The epididymis is a small organ that drapes over the back of each testicle. In the epididymis, sperm undergo some changes and are stored. A cyst can develop in one of the ducts and enlarge. A cyst is a benign (not cancerous or malignant) balloon-like structure that contains fluid. Many men have epididymal cysts, but rarely do they present a problem. In rare instances, a cyst can grow quite large and cause discomfort. In these cases, a patient may elect to have it removed.
These are often discovered by a patient during self-examination or while washing. They may be confused for testicular cancer. It is always important that any scrotal swelling be fully evaluated, including by means of a scrotal ultrasound examination. Unless they are large, it is very unusual for an epididymal cyst to cause discomfort. Others are detected by a physician during a routine examination. Many are not felt but are found during an ultrasound of the scrotum/testicles being performed for an unrelated reason.
Please refer to the detailed instructions provided by the rooms. These may also be downloaded from this website. As with any procedure in which anaesthesia is administered, you will be asked not to eat or drink anything after midnight on the evening prior to your surgery.
Excision of Epididymal Cyst Procedure
An incision is made in the scrotum. Dissection is then performed down to the testicle and epididymis. Usually, the entire testicle is delivered out of the incision so that the extent of the cyst and all of the anatomy can be carefully examined. The balloon-like cyst is then dissected away from the epididymis while preserving as much of the epididymis as possible. Sometimes, a portion of the epididymis or even the entire epididymis must be removed because separating the two may cause too much bleeding or damage to other structures. Once the cyst is removed, the incision is sutured closed. A drainage tube may also be left in place to prevent fluid accumulation within the scrotum.
You will be in the recovery room for a short time before being sent to the day surgery ward and then allowed home. You may have discomfort over the incision and possibly in the groin and scrotum. There may be a scrotal support with some gauze underneath. Occasionally there is small blood staining on the gauze or skin, and this is normal. If the dressing becomes soaked, or you see active blood oozing, please return to hospital or contact the rooms. You may shower the day after surgery, but no baths or swimming. We ask that you refrain from any strenuous activity until your follow-up. Every patient has some degree of swelling and bruising, and it is not possible to predict in whom this might be minimal or significant. We strongly encourage you to take the following day off work and perhaps more if your occupation requires strenuous activity or heavy lifting. In the first 24 hours, it is to your advantage to minimize activity and spend a lot of time lying down. The more swelling you prevent in the first two days, the better off you are. The sutures we use are self-dissolving, and therefore just fall out on their own within two to three weeks after surgery.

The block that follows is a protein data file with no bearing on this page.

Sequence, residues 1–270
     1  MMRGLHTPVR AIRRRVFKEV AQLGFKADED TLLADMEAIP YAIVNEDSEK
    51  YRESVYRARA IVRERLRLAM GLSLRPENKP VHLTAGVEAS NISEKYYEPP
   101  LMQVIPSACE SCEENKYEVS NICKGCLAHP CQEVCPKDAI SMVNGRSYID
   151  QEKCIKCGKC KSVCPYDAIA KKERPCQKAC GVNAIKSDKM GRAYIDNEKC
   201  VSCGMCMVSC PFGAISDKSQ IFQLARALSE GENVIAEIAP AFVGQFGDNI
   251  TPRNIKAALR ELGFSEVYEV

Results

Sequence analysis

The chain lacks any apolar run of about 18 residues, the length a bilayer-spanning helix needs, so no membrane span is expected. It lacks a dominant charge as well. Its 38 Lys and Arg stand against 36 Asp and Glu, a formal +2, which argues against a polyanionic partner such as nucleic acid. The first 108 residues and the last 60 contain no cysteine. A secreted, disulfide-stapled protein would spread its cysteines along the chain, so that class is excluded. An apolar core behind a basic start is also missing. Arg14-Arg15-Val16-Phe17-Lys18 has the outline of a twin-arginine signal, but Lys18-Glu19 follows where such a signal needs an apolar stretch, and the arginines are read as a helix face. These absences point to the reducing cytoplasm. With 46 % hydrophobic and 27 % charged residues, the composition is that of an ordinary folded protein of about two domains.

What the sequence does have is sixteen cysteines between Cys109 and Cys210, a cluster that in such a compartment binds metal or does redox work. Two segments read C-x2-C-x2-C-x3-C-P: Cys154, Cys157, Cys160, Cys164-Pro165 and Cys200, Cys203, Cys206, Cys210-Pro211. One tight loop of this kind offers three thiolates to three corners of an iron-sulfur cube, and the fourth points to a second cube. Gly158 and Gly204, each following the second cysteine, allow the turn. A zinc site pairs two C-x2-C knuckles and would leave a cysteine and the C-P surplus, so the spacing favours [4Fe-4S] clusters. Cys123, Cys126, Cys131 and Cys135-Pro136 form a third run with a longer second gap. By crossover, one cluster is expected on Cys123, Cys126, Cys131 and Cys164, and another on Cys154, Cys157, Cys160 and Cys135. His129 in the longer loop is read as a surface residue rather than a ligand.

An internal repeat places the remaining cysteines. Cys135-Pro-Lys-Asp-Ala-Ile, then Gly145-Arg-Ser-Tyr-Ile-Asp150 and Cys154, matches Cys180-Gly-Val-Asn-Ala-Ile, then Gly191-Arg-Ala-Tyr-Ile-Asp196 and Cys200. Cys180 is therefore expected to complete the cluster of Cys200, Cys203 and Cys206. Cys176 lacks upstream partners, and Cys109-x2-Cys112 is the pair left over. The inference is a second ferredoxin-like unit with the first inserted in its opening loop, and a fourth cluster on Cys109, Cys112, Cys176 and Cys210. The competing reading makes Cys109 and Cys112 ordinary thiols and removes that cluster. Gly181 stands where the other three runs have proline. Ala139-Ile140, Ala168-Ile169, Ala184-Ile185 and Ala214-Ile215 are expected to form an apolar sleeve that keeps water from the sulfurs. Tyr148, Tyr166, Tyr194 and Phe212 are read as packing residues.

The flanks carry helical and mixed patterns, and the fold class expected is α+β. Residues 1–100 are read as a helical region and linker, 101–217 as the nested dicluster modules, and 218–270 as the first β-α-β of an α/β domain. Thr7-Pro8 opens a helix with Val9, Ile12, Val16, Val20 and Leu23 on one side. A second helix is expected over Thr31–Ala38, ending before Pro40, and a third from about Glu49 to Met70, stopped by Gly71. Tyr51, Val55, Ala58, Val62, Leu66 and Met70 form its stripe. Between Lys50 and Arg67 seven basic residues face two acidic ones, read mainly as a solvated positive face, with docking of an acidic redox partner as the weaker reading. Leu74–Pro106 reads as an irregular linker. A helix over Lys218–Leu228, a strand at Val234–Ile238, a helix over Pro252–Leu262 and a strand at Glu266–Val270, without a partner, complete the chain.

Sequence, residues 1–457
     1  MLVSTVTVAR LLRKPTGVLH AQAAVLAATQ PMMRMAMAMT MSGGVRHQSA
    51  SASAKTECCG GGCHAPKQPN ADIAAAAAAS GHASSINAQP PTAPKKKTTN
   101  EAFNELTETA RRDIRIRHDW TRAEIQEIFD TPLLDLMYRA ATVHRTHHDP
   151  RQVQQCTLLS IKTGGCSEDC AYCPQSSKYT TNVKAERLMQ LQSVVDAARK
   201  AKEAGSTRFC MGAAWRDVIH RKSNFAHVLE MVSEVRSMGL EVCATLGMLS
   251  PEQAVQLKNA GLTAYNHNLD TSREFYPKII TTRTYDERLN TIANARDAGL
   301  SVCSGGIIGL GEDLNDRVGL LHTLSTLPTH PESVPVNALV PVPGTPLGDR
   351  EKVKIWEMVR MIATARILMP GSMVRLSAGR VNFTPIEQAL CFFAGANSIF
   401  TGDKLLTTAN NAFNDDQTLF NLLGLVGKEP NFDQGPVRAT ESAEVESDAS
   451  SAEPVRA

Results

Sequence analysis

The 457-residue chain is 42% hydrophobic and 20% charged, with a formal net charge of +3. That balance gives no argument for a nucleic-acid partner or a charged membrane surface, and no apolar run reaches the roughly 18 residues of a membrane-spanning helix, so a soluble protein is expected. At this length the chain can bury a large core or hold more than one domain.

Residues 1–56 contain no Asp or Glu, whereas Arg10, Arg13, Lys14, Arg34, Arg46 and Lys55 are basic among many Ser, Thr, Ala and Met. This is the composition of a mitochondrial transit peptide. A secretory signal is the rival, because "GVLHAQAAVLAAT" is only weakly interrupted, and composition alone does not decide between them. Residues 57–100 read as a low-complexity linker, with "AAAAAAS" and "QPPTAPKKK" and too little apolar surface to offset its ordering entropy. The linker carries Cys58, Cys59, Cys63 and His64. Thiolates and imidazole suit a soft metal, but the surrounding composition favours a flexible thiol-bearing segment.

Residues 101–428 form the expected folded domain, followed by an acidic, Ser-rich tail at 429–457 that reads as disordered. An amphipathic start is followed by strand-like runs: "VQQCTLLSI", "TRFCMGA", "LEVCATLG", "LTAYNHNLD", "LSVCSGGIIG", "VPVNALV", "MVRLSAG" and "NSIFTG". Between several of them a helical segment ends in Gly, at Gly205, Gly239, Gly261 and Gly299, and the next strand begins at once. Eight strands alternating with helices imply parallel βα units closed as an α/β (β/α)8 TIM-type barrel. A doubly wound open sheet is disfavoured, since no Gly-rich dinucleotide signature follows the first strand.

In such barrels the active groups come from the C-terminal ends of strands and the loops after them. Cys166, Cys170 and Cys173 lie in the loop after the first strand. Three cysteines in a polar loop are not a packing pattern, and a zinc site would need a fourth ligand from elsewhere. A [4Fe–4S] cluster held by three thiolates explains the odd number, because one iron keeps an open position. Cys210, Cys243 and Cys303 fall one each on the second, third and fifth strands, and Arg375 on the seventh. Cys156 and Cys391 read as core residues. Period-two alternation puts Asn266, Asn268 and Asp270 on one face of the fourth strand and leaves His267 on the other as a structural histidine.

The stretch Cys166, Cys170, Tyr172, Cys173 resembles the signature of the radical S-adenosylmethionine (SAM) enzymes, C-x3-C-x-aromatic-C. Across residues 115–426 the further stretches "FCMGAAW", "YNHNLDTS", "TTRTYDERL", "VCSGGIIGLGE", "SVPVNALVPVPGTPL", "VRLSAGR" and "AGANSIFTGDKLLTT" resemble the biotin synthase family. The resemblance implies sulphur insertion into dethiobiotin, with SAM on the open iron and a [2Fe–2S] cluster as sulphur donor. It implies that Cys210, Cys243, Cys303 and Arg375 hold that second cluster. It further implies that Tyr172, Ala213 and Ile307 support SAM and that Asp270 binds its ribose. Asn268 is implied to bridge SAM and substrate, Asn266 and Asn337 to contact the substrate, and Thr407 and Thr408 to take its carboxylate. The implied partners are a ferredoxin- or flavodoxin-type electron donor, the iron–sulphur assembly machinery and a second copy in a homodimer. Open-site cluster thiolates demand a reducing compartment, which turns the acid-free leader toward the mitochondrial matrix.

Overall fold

Expectations of Outcome
The tissues within the scrotum always swell and usually feel quite firm to the touch after swelling begins. The scrotal skin may appear very bruised as well. This is expected, and could last for a few weeks.
Possible Complications of the Procedure
Most patients experience no problems after the operation. All surgical procedures, regardless of complexity or time, can be associated with unforeseen problems. They may include, but are not limited to:
Recurrence or Persistence
A cyst may uncommonly return. It is almost always a new process and not recurrence of the already removed mass.
This is when a blood vessel continues to ooze or bleed after the procedure is over. The result is swelling and bruising. It usually resolves over time with compresses…much like any bad bruising or swelling. If the haematoma is unusually large (cumbersome or painful) or does not show resolution in a reasonable amount of time, a procedure to evacuate the clots may rarely be required.
Infection is possible in any procedure. Usually, local wound care and antibiotics are sufficient. Occasionally, an infection would require partially opening the wound to allow proper drainage.
As with any procedure, a patient can develop chronic pain in an area that has been operated on. Typically, the pain disappears over time. If persistent, further evaluation would be necessary.
This is quite unlikely, but could occur from loss of blood flow to the testicle.
Excision of an epididymal cyst may cause scarring of the epididymis. In addition, a portion of the epididymis may need to be removed in order to adequately remove the cyst. This will affect the passage of sperm cells through the epidydymis and therefore impact on fertility.
Please contact the office within 3 days of discharge. You should make an appointment to see Dr Sved as directed in the hospital. You may see him in his offices at RPA, Starthfield Private or Bankstown Hospitals. Do not hesitate to call at any time if you have any concerns.